July2016

From left to right:

  1. Painting I saw at First Thursdays
  2. Pretty flowers on Lion’s Head
  3. Carrot cake flavoured ice-cream from The Creamery

It’s been nearly two weeks since I’ve booked my tickets to Victoria Falls International Airport and since then I haven’t done much in the way of research and planning. I haven’t booked accommodation, arranged for any tours or check that my yellow fever certification is still current, which is worrisome considering that I board said flight in less than two weeks. Instead I’ve spent the last two weeks feasting (Ramadaan just ended), teaching myself some Python scripting, and being paralyzed by fear.

 

You see, days after I booked my plane tickets to Victoria Falls (which is situated in Zimbabwe), I would learn via Twitter of the national shutdown protests in Zimbabwe. This ultimately leaves me with the following questions:

  • Is the Zimbabwean side of Victoria Falls safe to travel to?
  • Is it ethical to travel to a country where a majority of the citizens are clearly fed up with the current government?

*

Anyway, I’m currently reading “Into Thin Air“.

Here’s an extract from the novel:

“Straddling the top of the world, one foot in China and the other in Nepal, I cleared the ice from my oxygen mask, hunched a shoulder against the wind, and stared absently down at the vastness of Tibet. I understood on some dim, detached level that the sweep of earth beneath my feet was a spectacular sight. I’d been fantasizing about this moment, and the release of emotion that would accompany it, for many months. But now that I was finally here, actually standing on the summit of Mount Everest, I just couldn’t summon the energy to care.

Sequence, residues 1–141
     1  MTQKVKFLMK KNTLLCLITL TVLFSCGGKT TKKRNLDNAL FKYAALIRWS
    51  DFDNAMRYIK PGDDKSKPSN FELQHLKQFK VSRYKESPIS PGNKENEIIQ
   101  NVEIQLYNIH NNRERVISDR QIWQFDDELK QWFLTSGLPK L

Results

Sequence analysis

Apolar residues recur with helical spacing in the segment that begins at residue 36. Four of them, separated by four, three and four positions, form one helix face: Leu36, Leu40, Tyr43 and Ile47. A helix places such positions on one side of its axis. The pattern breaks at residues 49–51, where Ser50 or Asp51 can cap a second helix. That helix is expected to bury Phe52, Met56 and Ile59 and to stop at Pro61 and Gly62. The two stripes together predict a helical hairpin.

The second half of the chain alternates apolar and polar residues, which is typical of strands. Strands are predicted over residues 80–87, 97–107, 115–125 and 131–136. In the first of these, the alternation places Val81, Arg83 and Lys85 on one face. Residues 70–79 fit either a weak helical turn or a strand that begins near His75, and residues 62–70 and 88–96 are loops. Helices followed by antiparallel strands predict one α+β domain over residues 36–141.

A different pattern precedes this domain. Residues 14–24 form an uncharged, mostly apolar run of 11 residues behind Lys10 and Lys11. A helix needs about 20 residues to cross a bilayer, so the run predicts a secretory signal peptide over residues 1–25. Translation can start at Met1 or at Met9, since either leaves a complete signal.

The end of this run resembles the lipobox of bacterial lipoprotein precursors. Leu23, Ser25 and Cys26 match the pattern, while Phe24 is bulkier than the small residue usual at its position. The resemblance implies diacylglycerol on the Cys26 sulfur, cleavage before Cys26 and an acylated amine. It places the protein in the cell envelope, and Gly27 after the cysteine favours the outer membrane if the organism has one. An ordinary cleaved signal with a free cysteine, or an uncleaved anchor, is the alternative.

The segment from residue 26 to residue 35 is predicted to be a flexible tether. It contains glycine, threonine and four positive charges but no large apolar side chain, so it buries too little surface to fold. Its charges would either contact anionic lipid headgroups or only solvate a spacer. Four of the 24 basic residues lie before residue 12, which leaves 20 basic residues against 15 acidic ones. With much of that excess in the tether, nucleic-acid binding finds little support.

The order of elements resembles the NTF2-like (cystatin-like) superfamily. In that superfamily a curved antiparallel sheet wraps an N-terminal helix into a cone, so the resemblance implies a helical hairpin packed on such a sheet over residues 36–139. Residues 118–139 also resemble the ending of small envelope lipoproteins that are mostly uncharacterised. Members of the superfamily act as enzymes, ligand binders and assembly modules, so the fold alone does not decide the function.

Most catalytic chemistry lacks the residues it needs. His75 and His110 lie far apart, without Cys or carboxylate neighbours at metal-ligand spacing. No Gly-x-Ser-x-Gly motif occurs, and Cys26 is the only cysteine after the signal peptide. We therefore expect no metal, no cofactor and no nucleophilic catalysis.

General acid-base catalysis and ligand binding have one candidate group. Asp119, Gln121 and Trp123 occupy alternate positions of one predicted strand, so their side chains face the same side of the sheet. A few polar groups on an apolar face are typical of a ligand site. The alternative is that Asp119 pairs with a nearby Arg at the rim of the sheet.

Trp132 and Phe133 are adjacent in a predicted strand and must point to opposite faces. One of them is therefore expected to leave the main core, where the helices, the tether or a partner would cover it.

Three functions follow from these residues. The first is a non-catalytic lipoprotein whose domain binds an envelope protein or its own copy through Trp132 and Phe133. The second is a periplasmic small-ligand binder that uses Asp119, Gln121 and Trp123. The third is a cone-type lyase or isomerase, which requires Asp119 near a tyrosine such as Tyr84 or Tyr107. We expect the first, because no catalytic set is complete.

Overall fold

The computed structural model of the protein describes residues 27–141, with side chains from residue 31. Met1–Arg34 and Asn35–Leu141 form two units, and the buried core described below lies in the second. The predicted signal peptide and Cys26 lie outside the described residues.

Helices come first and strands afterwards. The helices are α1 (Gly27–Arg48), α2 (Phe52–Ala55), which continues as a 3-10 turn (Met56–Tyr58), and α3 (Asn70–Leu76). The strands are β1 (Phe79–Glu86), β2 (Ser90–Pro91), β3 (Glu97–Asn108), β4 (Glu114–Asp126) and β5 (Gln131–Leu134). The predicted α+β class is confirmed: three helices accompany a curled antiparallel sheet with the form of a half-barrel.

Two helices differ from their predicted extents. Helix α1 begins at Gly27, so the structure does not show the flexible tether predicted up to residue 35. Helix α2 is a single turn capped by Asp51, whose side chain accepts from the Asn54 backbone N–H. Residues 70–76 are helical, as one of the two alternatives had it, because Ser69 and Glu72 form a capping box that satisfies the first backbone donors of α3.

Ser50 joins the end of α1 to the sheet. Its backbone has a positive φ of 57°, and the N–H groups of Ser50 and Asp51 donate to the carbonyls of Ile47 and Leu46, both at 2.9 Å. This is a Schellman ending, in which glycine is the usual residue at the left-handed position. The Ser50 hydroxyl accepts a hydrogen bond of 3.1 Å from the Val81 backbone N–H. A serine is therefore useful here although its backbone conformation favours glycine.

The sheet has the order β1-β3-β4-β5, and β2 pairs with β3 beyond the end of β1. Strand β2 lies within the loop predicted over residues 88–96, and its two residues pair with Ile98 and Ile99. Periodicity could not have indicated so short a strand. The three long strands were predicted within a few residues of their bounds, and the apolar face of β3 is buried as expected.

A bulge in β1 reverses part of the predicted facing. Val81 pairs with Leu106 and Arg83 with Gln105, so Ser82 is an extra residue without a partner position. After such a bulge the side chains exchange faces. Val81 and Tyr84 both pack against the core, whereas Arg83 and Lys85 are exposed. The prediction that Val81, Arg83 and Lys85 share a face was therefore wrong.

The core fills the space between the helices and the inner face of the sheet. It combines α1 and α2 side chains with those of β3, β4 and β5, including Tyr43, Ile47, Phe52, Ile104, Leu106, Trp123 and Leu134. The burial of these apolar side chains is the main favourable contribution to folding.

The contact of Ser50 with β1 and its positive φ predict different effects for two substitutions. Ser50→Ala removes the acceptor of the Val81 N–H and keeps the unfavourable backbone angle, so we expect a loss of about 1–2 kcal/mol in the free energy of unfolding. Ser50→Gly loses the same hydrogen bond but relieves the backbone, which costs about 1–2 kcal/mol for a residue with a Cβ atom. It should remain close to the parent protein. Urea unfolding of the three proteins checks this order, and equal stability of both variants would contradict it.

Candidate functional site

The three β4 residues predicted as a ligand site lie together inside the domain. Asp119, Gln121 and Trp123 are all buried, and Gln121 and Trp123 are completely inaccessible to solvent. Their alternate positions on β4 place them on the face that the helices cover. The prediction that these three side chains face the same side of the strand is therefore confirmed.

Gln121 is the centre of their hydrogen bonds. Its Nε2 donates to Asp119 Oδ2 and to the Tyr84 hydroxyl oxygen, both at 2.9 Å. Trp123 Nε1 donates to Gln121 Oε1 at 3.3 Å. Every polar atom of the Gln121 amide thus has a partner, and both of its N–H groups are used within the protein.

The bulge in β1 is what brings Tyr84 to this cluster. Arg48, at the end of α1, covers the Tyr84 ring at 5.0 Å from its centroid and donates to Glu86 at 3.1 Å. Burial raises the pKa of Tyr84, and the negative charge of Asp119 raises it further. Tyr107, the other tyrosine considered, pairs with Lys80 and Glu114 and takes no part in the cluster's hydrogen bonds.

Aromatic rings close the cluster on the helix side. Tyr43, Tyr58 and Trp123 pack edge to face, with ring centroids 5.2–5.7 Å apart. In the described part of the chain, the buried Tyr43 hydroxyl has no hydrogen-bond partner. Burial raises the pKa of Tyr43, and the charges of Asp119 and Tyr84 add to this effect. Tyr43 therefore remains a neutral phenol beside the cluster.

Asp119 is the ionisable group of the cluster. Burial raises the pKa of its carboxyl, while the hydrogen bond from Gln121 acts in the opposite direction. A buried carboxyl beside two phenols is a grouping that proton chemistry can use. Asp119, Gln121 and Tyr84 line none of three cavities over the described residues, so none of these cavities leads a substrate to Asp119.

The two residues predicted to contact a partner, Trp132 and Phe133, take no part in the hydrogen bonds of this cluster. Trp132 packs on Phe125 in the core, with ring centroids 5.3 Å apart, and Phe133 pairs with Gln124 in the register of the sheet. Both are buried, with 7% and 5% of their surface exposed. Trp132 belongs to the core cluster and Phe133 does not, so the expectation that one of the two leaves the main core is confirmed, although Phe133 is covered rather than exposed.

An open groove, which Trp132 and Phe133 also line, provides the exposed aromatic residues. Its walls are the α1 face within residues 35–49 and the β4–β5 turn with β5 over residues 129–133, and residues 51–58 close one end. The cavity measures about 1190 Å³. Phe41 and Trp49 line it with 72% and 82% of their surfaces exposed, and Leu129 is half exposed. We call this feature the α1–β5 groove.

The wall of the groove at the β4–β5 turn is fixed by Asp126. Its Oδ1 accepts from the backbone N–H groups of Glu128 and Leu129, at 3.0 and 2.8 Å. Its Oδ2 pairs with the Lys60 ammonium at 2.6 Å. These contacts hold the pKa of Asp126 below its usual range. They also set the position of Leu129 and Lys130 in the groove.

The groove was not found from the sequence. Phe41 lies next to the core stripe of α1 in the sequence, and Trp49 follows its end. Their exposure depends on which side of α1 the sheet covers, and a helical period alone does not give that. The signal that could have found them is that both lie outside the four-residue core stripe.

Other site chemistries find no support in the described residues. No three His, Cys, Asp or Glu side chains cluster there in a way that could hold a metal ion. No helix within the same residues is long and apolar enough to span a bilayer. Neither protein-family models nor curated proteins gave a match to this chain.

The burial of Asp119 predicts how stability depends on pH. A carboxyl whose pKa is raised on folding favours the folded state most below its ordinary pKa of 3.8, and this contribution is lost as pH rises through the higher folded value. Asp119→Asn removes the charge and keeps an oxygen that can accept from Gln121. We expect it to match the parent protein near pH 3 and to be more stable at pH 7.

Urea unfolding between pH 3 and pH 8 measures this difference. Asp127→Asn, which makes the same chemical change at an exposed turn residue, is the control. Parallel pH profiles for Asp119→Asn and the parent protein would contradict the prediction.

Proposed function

It was early in the afternoon of May 10, 1996. I hadn’t slept in fifty-seven hours. The only food I’d been able to force down over the preceding three days was a bowl of ramen soup and a handful of peanut M&Ms. Weeks of violent coughing had left me with two separated ribs that made ordinary breathing an excruciating trial. At 29, 028 feet up in the troposhere, so little oxygen was reaching my brain that my mental capacity was that of a slow child. Under the circumstances, I was incapable of feeling much of anything except cold and tired.”

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